by Ronni Knepp
This week has been a rough one for me. Without going into a ton of personal details, I was diagnosed with Post Traumatic Stress Disorder (PTSD) in 2010 while I was in the military. At the same time, I was also diagnosed with severe anxiety and depression (yes there are differences). Most of the time, thanks to therapy, family, close friends, and even – dare I say – school, I come across and act like any other “normal” person. Even on a bad day, most of the time it goes nearly unnoticed except to those that are close to me and are able to tell by my behavior that it’s not a good day. But I trudge along and the next morning I try it all over again, hoping for a slightly better outcome. Unfortunately this week has not been one of those times where I was able to wake up and be “ok,” for lack of a better term. For someone who thrives on learning new things in Photography and continuously pushing myself to do better and encourage/inspire more people to do the same, I have wanted to quit. And it’s a scary thing. My therapist was even shocked yesterday because I didn’t quit after my husband died my second semester into my AA and I didn’t quit after my sister died the week of finals, halfway through my BFA. But this week, something has just been different. Of course, thanks to my support network, I’m not allowed to quit so here I am, writing this blog post for a class assignment like it’s any other day. But instead of writing on something like the male-gaze as I did last week, I’m writing on something that I know and deal with every single day – PTSD.
The majority of my photography concepts center around PTSD, the symptoms of it, some of the things I’ve gone through that created the PTSD, etc. And even if it is not directly correlated into the concept, the affects of my PTSD still shows in my photographic style. I try to use the medium as a way to work through my issues, like art therapy. But more often then not, I end up just stuck in an endless circle in my brain of how crappy it is to live with this every single day, 24/7, 365 days a year for 7+ years now… but who’s counting? So for the sake of this post, I decided to do a search for other photographers that have worked with the concept of PTSD. I know they are out there, I know I’m not the ONLY one (shoot I know of a few classmates as well) but the ever too present idea of being “alone” even branches into my work and I needed to see who else is out there trying to make a difference. And that’s when I stumbled across this gentleman, Devin Mitchell, who’s creating work that shows the duality of military/veteran life along with the civilian (or personal) lives of various Soldiers, Airmen, Marines and Sailors.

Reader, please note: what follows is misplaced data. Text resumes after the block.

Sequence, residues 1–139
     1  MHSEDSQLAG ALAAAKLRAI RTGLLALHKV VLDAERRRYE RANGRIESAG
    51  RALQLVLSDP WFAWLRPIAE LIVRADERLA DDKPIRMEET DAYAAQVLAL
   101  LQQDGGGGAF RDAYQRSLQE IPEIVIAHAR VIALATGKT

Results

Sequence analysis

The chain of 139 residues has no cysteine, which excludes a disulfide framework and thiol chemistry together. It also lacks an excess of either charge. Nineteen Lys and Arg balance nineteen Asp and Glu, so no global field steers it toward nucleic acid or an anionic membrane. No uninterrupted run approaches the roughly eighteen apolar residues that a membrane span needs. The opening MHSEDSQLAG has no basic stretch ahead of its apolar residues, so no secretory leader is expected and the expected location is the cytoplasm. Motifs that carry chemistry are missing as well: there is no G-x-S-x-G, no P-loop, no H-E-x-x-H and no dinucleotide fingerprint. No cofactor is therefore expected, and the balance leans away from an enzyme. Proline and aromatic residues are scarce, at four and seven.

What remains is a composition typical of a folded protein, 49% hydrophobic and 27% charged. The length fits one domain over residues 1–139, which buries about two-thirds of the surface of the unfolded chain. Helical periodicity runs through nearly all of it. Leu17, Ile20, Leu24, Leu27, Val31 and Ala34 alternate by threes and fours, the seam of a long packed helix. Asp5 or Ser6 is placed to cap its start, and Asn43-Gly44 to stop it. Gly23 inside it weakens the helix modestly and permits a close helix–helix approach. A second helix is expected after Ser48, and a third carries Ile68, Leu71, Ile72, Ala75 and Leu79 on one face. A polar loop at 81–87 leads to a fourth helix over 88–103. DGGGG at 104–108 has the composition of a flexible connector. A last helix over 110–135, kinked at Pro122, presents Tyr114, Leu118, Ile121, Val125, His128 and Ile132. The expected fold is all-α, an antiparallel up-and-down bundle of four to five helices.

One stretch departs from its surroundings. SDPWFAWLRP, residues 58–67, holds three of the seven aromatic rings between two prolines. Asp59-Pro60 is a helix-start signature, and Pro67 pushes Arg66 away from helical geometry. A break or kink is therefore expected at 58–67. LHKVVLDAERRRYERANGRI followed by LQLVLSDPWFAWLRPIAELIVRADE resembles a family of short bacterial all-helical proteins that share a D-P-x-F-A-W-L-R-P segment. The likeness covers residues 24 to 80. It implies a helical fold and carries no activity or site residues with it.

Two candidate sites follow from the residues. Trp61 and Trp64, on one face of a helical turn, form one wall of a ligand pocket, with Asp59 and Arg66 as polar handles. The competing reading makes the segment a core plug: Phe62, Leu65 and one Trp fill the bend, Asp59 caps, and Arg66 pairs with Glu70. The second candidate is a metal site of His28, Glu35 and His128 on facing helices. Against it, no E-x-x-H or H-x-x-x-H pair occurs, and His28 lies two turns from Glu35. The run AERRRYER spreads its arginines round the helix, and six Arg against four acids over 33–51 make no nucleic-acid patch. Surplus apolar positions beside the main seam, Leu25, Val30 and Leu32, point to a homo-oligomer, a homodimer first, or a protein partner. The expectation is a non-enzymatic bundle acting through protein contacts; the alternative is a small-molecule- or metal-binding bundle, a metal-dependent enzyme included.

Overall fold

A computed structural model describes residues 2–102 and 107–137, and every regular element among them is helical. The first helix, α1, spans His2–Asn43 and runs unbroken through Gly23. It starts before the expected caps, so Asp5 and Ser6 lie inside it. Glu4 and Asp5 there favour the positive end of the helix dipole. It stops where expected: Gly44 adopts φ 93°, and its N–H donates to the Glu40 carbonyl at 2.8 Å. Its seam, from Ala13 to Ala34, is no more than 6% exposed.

In the Veteran Vision Project, Mitchell shows the Veterans (and I say that as all-encompassing of active, retired, and veteran personnel) in their military uniforms as well as in their civilian clothes representing who they are and also who they are. Some of the images are fairly tame, including things like hobbies and families. Others show amputees, women being silenced, and alternative lifestyles that would likely be ridiculed in the military. With nearly 350 images and going, Mitchell is now starting a second book showing the work and also puts the images with the stories of the Veterans on Facebook and Instagram. The photographs give these men and women a voice that they are more than just a military member. According to an interview with Buzzfeed, Mitchell states:
"There are two sides to this series," Mitchell said. "It spreads awareness about the veteran community, the challenges they face during reintegration into society. But it also works as a therapy for the subjects. ... It makes visible what they feel."
"From the beginning of the project, it was my mission to let veterans say whatever they want through my photographs," Mitchell told BuzzFeed News. "Many people who do projects on veterans only want to take a particular angle. I want to explore all of the issues, all of the darkness."
Now, for me, I can relate both to the Veterans in the photographs as well as to Mitchell whose aim is to show all the different sides of being military. But I also know that there are people outside of the military who also suffer from PTSD. This project is equally as applicable to them, because when it comes down to it, PTSD does not discriminate whom it targets and we are all equal. We all suffer those bad days and feel like we’re wearing a mask to hide the pain from the general public. We all live with this duality in our lives, regardless of our traumas that got us to this point. The project is not only therapeutic for the Veterans modeling in the photos, but also for those of us viewing the images. It shows us that we are not alone, regardless of how we may feel, and gives a bit of encouragement that we can still keep going. As one of the Veteran’s stated in the Buzzfeed article, I also don’t want to be another statistic of military suicide.
So with that in mind, I’ll keep trudging along and creating my work to help speak out on PTSD and hopefully help inspire others to continue to be survivors.